Why the great sculptor is so exasperating, and other excerpts from our coverage 100, 75, 50, and 25 years ago
100 YEARS AGO
Is it not about time for the recent exploitation of the sad state of the aged and insane American painter, Ralph Blakelock, to cease?
While the honoring of the man’s name by making him an Associate of the National Academy was doubtless well meant, it had the unfortunate result of attracting the attention of sensational newspaper writers to his sad situation, who, with execrable taste, to say the least, it seems to us, and from what we hear to the former associates, friends and relatives of the insane painter, have devoted hysterical pages with lurid illustrations, depicting him raving in his cell, for the delectation of Sunday magazine readers. “Drifting, Dreamy and Broke,” was the unfortunate title chosen by one of these writers for his page on the painter, which not complimentary epithet was repeated throughout the article. Let poor Blakelock alone!
— From “Let Blakelock Alone,” May 10, 1913
75 YEARS AGO
With private patronage destroyed, artists have been thrown into contact with the problems of pauperism and the demoralization of living on relief, and their reaction to a realization of these has been the source of a deep-going change. Mines, mills and factories, and the artists’ reaction to human problems have superseded apples and flowers as material, to a great extent, and this quickened awareness of life outside the studio has had a tremendously vitalizing effect on their work.
— From “The Congressmen of Art in a New York Session,” by Jeannette Lowe, May 14, 1938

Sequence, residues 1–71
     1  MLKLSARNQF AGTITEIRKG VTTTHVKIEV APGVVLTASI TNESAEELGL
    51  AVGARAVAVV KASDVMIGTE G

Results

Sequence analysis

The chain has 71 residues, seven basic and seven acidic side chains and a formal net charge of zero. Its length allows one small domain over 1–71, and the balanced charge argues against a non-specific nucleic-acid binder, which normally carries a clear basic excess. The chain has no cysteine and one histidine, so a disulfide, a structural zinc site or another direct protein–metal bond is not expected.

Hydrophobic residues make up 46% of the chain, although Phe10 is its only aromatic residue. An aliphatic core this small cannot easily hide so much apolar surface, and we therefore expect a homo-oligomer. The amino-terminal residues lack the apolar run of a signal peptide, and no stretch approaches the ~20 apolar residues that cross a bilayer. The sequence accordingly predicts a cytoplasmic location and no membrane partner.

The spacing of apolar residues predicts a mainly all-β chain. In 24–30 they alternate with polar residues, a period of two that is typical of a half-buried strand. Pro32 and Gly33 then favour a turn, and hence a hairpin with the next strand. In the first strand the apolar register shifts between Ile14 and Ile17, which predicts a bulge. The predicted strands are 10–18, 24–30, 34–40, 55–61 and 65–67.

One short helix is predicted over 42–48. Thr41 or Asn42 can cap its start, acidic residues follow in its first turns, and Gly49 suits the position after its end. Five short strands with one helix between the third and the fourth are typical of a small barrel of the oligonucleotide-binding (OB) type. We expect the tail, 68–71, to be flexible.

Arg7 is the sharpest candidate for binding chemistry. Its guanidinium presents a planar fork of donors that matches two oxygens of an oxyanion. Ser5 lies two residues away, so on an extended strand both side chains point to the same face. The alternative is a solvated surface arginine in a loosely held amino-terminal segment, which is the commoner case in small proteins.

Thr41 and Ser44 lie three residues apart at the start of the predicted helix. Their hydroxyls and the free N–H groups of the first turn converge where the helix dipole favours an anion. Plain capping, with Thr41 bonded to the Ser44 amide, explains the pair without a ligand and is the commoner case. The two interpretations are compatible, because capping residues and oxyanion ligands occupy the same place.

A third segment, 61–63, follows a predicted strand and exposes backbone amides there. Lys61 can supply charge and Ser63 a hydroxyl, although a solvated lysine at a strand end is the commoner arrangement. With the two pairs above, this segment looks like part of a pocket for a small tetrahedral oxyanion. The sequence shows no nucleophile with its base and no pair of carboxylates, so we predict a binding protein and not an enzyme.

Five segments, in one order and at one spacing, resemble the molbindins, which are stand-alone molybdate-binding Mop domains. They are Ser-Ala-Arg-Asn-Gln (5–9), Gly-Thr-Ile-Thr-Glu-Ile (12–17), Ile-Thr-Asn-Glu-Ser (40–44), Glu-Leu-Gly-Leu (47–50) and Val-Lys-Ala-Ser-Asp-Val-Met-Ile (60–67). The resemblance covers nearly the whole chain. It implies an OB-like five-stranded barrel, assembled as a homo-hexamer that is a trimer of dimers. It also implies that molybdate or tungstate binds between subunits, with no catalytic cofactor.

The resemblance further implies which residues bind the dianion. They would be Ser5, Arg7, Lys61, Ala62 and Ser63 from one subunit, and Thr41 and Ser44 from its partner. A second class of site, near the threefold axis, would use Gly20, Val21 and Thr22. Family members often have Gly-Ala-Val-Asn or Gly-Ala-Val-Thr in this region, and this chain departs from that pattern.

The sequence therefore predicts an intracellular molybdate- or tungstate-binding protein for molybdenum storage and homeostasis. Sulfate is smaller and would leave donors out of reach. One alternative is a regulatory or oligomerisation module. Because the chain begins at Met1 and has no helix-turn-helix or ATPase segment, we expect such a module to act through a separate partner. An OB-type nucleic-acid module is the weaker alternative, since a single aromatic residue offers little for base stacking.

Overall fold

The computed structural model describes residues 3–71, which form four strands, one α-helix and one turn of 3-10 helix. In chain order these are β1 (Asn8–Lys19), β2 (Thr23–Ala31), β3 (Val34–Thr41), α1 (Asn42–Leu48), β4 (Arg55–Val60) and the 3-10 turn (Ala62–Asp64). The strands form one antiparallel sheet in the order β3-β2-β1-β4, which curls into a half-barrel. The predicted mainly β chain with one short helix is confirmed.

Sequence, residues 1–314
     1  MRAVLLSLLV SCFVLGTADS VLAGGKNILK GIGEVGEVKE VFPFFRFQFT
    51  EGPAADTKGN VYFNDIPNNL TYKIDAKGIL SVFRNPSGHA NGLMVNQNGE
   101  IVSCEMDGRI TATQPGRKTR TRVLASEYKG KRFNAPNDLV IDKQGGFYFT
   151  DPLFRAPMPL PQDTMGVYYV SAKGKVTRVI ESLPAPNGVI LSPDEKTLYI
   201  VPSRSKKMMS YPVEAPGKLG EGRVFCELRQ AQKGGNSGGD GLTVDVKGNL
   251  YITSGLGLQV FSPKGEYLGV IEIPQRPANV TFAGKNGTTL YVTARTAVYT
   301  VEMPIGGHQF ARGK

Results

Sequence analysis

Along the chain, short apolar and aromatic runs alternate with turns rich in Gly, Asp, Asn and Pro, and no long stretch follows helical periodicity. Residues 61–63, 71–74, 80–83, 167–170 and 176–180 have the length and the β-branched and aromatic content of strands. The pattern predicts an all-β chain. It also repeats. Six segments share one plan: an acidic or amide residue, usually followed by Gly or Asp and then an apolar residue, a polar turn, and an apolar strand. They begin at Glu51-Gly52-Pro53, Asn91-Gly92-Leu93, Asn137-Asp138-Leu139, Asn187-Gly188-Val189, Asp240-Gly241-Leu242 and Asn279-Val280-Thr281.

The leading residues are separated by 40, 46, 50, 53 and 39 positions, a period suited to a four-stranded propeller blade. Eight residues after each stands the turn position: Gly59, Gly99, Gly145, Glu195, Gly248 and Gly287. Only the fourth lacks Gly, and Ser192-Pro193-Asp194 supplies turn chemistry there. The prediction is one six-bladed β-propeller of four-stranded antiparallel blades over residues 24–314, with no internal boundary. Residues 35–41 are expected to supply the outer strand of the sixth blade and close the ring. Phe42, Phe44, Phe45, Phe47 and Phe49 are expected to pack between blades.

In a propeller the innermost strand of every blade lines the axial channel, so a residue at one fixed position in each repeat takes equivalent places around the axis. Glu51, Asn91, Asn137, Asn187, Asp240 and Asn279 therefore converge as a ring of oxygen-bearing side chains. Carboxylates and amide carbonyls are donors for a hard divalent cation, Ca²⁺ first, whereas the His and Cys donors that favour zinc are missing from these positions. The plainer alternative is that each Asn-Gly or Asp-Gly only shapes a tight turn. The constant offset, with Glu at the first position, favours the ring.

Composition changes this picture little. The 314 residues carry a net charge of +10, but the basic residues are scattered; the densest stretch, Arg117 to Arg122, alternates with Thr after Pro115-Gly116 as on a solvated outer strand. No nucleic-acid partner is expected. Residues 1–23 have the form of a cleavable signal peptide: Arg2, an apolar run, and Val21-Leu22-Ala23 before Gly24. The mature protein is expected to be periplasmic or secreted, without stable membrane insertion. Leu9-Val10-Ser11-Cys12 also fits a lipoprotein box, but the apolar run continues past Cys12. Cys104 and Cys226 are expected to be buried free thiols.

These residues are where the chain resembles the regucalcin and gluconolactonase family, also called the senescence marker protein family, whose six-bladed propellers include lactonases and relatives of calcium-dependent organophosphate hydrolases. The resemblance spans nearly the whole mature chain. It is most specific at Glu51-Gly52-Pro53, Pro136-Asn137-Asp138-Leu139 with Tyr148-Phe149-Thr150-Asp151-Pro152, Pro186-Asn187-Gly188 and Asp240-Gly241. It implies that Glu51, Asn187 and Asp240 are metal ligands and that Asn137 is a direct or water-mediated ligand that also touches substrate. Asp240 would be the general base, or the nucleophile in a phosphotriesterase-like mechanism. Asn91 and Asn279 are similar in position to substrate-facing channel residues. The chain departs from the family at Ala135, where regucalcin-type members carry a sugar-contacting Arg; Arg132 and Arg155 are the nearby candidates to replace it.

50 YEARS AGO
Rilke was the first to see that Rodin can be understood through the details of his work and methods far better than through his grandiose ideas. Of course, the sculptor made ambitious plans—The Gates of Hell are populated by The Thinker, Adam and The Three Shades in the High Romantic style of the Eroica Symphony. But most of Rodin’s vast monumental projects remained incomplete, and some of them are apt to exasperate, where they do not actually disappoint. Rodin trusted the great traditional “subjects,” the noble categories and “missions” of High Art. A man of the people, he never questioned the popular belief in the artist’s responsibility to history nor his rather naïve faith in messages. He was comforted by these sentimental theories in the long period of material difficulty at the beginning of his career. When he became a success—and wore the bearded face of Inspired Genius—fame lent confirmation to his candid faith, and he became the rather shallow priest of a neo-paganism for which the handsome Nijinsky supplied the apparitions of a living god. Rodin was self-educated; a few trips abroad and contacts with Italian and Classic works gave him an enthusiasm which was more intuitive than informed. In fact, Rodin’s utterances were never far from the stereotypes of his time, and, paradoxically, the artist finished his career as a rich bourgeois, wich his palace in Paris, country houses, collections, mistresses, a cellar-full of excellent burgundies. His “power” was worldly, but, luckily, he was always temperamentally attracted to what he thought was the intellectual and metaphysical life.
— From “Rodin: Genius with giblets,” by P.M. Grand, May 1963
25 YEARS AGO
“You know, many times when you read a figure in a newspaper about the value of a stolen object, it’s inflated,” Volpe explains. “I’m not saying the Colnaghi figure of six million dollars is inaccurate, but these things do happen.
“One, it makes better news if the value is high. Two, sometimes it causes confusion for the thieves. Once in a while when I was on the force, I would provide misinformation. It means nothing to the public whether the loot was worth six million or eight million dollars. The thief gets information from the press. When I was a detective and a painting worth a hundred thousand dollars was stolen, I’d say it was worth a hundred and fifty thousand dollars when I announced the theft. When the thief goes to the fence, he’s saying to himself, ‘The fence is not going to outsmart me. I know what it’s worth.’ The fence, however, knows it’s worth only a hundred thousand dollars. So the thief takes it someplace else. For every additional person that the thief speaks to, it raises the possibility that a mistake will be made along the line and an informant will call the police.”
— From “Confessions of an Art Cop,” by Milton Esterow, May 1988